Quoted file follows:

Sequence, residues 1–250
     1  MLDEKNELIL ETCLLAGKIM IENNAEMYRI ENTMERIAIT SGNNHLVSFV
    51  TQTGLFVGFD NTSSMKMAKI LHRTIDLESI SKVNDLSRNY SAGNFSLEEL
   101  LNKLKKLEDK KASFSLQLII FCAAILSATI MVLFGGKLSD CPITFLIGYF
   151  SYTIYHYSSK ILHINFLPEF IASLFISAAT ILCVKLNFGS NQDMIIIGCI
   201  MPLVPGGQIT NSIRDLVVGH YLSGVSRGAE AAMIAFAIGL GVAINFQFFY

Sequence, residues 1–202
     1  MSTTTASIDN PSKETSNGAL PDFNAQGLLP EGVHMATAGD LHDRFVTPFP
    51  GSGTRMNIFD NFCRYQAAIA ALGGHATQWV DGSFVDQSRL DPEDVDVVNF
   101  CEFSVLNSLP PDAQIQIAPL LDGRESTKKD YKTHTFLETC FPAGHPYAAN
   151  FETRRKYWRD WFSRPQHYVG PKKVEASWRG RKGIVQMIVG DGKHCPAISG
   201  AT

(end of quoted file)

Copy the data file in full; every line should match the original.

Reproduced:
Sequence, residues 1–250
     1  MLDEKNELIL ETCLLAGKIM IENNAEMYRI ENTMERIAIT SGNNHLVSFV
    51  TQTGLFVGFD NTSSMKMAKI LHRTIDLESI SKVNDLSRNY SAGNFSLEEL
   101  LNKLKKLEDK KASFSLQLII FCAAILSATI MVLFGGKLSD CPITFLIGYF
   151  SYTIYHYSSK ILHINFLPEF IASLFISAAT ILCVKLNFGS NQDMIIIGCI
   201  MPLVPGGQIT NSIRDLVVGH YLSGVSRGAE AAMIAFAIGL GVAINFQFFY

Sequence, residues 1–202
     1  MSTTTASIDN PSKETSNGAL PDFNAQGLLP EGVHMATAGD LHDRFVTPFP
    51  GSGTRMNIFD NFCRYQAAIA ALGGHATQWV DGSFVDQSRL DPEDVDVVNF
   101  CEFSVLNSLP PDAQIQIAPL LDGRESTKKD YKTHTFLETC FPAGHPYAAN
   151  FETRRKYWRD WFSRPQHYVG PKKVEASWRG RKGIVQMIVG DGKHCPAISG
   201  AT